Monday, Sept. 22 at 7 p.m.: A screening of “Diagram or Delinquents.” This documentary captures the zeitgeist of late 1940s and early 1950s America, and investigates how comics went on trial.IFF Poster 2014

Wednesday, Sept. 24 at noon: The Reading Aloud Group from the Iowa City Johnson County Senior Center will read the poetry of Edgar Allan Poe, some of whose poems were censored until well after his death.

Wednesday, Sept. 24, at 7 p.m.: Carol L. Tilley, an Assistant Professor in the Graduate School of Library and Information Science at the University of Illinois at Urbana-Champaign, will present “When Comics Almost Died – Readers, Censors, and Innovation.” Tilley’s lecture is based on her research regarding Fredric Wertham, who blamed juvenile delinquency on reading comics.

Thursday, Sept. 25 at 7 p.m.: A screening of “Dixie Chicks:  Shut Up and Sing.” This documentary follows the Dixie Chicks over a period of intense public scrutiny, fan backlash, threats, and pressure from both corporate and conservative political elements after lead singer Natalie Maines publicly criticized then President of the United States George W. Bush during a live 2003 concert in London.

Friday, Sept. 26 at 10 a.m.: An adult education class, Social Media Safety: Protecting Your Online Privacy, will be held in the Library’s second floor Computer Lab. This class focuses on the advantages and disadvantages of using privacy settings on several social networking sites.

Friday, Sept. 26, 7 p.m.: Maureen Freely, a 2014 Ida Beam Visiting Professor at the University of Iowa International Writing Program, will speak on censorship. Freely also is the president of English PEN, a global literary center that defends and promotes free expression.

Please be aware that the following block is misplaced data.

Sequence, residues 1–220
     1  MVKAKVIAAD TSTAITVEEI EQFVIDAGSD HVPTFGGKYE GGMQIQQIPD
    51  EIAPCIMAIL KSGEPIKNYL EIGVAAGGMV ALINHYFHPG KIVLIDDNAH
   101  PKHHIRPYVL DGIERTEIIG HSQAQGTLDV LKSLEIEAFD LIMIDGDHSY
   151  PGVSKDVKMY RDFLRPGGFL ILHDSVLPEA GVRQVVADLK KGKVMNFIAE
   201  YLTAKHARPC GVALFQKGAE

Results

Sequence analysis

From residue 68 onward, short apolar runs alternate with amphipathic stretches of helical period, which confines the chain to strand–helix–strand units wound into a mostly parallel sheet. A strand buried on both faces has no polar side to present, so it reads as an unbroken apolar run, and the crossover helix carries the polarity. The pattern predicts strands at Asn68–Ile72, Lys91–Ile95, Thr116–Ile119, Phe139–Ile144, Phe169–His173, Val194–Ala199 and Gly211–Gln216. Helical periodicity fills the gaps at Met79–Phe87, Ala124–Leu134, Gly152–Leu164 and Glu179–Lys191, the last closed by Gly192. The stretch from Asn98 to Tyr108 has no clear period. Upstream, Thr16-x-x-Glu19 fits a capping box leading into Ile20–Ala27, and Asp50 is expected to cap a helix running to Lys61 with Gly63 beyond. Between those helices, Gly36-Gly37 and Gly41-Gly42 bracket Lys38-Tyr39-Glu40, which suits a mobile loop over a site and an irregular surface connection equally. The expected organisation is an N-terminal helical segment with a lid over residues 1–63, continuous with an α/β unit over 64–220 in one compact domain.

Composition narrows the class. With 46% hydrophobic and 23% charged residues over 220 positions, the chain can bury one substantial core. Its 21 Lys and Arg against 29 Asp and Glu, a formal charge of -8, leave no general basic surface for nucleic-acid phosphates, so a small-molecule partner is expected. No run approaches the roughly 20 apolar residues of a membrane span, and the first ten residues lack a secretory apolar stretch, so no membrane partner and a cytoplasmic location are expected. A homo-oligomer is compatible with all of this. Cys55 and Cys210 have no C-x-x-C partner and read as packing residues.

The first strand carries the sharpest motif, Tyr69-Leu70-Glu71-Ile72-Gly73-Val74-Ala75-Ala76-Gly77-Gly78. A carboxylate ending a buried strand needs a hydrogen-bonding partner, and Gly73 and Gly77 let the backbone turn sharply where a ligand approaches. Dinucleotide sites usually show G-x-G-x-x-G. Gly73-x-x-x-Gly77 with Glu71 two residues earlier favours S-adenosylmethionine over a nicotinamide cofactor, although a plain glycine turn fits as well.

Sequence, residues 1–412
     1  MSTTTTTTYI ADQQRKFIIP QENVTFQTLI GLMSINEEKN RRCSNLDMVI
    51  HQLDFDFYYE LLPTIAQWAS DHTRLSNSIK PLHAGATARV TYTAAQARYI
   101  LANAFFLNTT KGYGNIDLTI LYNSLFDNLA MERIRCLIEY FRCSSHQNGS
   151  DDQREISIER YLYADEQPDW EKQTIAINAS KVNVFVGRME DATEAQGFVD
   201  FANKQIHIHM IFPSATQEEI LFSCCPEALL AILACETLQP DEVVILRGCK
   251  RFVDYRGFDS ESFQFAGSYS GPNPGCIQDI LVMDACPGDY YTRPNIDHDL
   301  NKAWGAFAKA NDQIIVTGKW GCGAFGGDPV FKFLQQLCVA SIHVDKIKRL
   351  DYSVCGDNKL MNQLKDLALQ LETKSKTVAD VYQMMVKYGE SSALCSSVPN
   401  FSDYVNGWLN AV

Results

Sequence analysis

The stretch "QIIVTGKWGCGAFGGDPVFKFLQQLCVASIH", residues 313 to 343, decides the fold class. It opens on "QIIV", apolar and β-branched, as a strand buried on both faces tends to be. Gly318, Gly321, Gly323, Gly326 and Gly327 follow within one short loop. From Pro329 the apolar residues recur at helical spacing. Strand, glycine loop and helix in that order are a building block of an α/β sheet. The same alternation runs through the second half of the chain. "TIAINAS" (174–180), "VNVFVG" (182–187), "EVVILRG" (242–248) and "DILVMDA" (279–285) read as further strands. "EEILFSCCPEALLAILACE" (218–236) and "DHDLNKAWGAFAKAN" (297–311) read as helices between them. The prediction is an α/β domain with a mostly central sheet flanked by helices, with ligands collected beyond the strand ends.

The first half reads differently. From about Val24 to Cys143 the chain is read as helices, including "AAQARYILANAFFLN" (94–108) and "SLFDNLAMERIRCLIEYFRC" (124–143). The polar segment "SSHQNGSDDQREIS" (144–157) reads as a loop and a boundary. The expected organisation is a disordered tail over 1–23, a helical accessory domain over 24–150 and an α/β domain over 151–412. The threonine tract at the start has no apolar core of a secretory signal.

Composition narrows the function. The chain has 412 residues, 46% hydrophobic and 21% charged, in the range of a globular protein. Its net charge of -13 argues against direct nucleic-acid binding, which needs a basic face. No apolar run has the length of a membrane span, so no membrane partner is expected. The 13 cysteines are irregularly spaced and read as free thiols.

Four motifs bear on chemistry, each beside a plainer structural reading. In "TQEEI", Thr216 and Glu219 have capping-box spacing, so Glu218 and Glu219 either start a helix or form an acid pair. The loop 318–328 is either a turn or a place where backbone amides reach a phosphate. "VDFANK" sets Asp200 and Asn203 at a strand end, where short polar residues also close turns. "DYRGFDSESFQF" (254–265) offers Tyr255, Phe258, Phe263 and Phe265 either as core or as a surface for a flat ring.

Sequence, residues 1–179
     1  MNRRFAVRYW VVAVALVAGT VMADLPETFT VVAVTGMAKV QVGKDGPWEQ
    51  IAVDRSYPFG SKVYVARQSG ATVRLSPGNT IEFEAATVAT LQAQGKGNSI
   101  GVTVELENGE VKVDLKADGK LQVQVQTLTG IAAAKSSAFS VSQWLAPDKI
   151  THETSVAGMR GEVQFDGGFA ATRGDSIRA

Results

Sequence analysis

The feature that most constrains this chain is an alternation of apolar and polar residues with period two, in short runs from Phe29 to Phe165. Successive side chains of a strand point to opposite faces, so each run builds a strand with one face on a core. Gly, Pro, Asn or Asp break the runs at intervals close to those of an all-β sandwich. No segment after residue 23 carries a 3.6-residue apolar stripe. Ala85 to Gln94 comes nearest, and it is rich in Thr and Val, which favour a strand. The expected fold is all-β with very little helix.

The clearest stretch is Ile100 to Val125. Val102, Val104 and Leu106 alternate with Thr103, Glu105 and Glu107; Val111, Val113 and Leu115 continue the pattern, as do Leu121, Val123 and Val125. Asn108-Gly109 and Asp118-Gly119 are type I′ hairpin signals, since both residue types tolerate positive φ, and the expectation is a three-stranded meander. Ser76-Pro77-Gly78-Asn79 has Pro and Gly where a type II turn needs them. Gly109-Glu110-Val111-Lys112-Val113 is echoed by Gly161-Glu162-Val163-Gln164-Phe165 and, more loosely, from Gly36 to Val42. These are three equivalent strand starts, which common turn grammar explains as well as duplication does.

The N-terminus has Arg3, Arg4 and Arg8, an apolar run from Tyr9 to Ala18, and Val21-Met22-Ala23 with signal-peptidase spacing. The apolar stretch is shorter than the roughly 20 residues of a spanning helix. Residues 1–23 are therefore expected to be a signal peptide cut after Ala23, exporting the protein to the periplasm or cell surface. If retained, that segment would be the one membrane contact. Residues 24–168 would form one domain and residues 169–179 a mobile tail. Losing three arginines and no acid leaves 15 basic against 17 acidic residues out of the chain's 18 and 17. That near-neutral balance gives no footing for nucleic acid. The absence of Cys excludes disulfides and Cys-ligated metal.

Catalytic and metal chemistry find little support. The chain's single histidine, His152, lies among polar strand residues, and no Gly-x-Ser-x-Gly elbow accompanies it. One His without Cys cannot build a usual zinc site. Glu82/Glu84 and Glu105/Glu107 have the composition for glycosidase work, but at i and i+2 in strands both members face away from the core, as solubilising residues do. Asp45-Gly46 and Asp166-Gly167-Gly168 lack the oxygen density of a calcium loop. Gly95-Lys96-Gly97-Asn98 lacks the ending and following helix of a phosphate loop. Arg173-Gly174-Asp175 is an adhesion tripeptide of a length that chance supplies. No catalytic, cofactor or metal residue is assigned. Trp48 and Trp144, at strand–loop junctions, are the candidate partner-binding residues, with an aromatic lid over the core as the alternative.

Whenever possible, the Festival coincides with Banned Books Week, an annual event celebrating the freedom to read sponsored by the American Library Association, the American Booksellers Association and the American Society of Journalists and Authors, among other groups and associations.

During Banned Books Week, Sept. 21 through Sept. 27, teen patrons will be able to complete an online scavenger hunt. The scavenger hunt is designed to increase awareness of young adult literature that is challenged and banned in the U.S.

Teens with the most correct answers will be entered into a drawing to win a Downtown District Gift Card. The scavenger hunt will be accessible at teens.icpl.org beginning Sunday, Sept. 21.

For more information on the Iowa City Public Library’s Carol Spaziani Intellectual Freedom Festival, visit icpl.org/iff.

For information about Banned Books Week, visit www.bannedbooksweek.org.

How do I get the local TV channels without having cable?

by on September 9th, 2014

TV antennaThis question came in on Saturday, and it was a ton of fun sleuthing it out.

Iowa City currently has 5 local television channels (4, 5, 10, 18, 21). These broadcast from Iowa City itself and are government or community channels like the City Channel, Library Channel, and PATV (public access).

The affiliate stations like CBS, ABC, FOX, and NBC broadcast from farther away, and that’s why they don’t come in as well without the right kind of antenna. PBS/IPTV is a little farther away as well, but word is it comes in a little better than the others. Read the rest of this entry »